• This isn’t QotW, but I wanted point out the kind of book Simon was talking about that has real world elements (actual websites, facebook profiles of the characters, etc) is called a transmedia book… one example is Personal Effects; Dark Arts by JC Hutchins (http://jchutchins.net/personal-effects-dark-art/) or Cathy’s Book (http://www.cathysbook.com/). This was quite popular in YA a few years ago.

    • Some fun opportunity in transmedia. There was a popular webcast a while back that integrated twitter accounts, etc., plus gave the main character a job with a real blog, reviewed and sold products, etc. Their hangout (a restaurant) had a website, menus, specials, and a newsletter for special recipes and drinks. It was called Emma Approved. http://www.emmaapproved.com/

      They have an earlier one that’s less commercialized called The Lizzie Bennet Diaries, based on Pride & Prejudice.

    • Bryan

      Interesting!

    • SimonRSP

      THANK YOU, transmedia! That’s what I love :).

  • jeffadamsnyc

    I self-published my first book earlier this year, but I’ve published through niche publishers since 2009 with a mix of shorts, novellas and novels. I wish I’d started a mailing list much, much sooner than late last year. It was a mistake to not cultivate those fans from the beginning.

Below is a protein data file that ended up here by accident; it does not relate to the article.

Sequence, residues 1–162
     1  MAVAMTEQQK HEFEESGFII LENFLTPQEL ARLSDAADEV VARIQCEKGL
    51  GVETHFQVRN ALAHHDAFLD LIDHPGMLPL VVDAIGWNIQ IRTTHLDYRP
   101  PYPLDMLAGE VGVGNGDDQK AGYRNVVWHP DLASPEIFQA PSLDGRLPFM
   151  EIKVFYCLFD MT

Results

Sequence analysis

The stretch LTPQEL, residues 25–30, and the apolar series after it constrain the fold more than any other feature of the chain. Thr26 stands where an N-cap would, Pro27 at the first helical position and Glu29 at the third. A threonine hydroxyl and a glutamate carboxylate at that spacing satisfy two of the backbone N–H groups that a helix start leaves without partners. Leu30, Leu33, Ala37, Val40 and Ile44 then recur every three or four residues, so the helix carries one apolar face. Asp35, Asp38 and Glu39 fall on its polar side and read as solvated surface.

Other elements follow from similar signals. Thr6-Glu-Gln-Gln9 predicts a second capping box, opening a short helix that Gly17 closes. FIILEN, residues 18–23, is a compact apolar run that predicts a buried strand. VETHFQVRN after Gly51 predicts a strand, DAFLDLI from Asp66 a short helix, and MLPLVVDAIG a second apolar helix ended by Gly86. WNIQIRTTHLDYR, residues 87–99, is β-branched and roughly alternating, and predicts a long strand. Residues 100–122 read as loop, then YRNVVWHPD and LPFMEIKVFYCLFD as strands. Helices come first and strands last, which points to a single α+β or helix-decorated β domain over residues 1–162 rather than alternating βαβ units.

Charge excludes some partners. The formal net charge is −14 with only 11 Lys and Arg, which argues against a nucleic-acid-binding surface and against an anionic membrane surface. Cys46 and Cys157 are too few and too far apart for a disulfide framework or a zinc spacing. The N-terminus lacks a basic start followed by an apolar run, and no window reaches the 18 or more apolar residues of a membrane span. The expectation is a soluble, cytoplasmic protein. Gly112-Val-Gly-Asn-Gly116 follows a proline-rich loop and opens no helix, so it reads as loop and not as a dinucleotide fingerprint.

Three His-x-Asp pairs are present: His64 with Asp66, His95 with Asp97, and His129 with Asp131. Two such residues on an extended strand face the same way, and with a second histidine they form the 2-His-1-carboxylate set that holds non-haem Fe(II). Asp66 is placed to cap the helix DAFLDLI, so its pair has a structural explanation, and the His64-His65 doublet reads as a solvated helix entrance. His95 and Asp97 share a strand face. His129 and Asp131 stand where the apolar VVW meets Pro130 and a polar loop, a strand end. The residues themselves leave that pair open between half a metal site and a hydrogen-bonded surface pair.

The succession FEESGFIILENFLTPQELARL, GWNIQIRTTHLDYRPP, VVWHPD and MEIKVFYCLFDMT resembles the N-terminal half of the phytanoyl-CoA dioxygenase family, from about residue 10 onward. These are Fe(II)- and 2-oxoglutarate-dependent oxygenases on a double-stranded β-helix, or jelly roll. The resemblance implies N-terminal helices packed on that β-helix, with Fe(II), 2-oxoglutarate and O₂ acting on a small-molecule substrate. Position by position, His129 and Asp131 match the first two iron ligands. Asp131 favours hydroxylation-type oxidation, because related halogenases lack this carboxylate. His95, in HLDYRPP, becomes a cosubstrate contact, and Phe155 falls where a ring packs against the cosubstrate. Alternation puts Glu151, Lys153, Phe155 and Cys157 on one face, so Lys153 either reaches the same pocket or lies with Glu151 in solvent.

• Bryan

      I’m with you on the mailing list!

      • SimonRSP

        Me too, and also not just to have it as something that sits quietly on the website, hoping that people will enter their address for “news and updates,” but for it to have something that will actually encourage people to sign up!

        • Mailing list should be everyone’s #1 mistake.

  • Spider McGee

    I re-launched recently with this new pen name, and I first went wide through Draft2Digital with all publishers, but concerns about Nook and Scribd spooked me and I pulled everything back and went with Amazon exclusively. Maybe not the greatest idea, but at least one of my four titles (Monkey Justice, ask for it by name) got a handful of sales (relatives, I suspect) on Kindle where they were just eating it on the other platforms. And I had a lot of stress waiting for them to show up on Barnes and Noble at all. I’ve been writing all my life, but, other than publishing a short-lived ‘zine in the early ’90s, I never took it even semi-seriously until about five years ago. If I had it to do over again I wouldn’t have waited so long…but the possibility of bypassing traditional publishers and avoiding their multi-million-dollar contracts lured me in.

    Also, although I’ve seen photos of both Bryan Cohen and Anglin’ Jim Kukral, I don’t know what Simon looks like. I picture him always wearing a top hat and a monocle, like the Monopoly Man. Am I far off?

    • Bryan

      Anglin’ Jim Kukral. Gold!

      You’re no so far off… I’ll go find a pic 🙂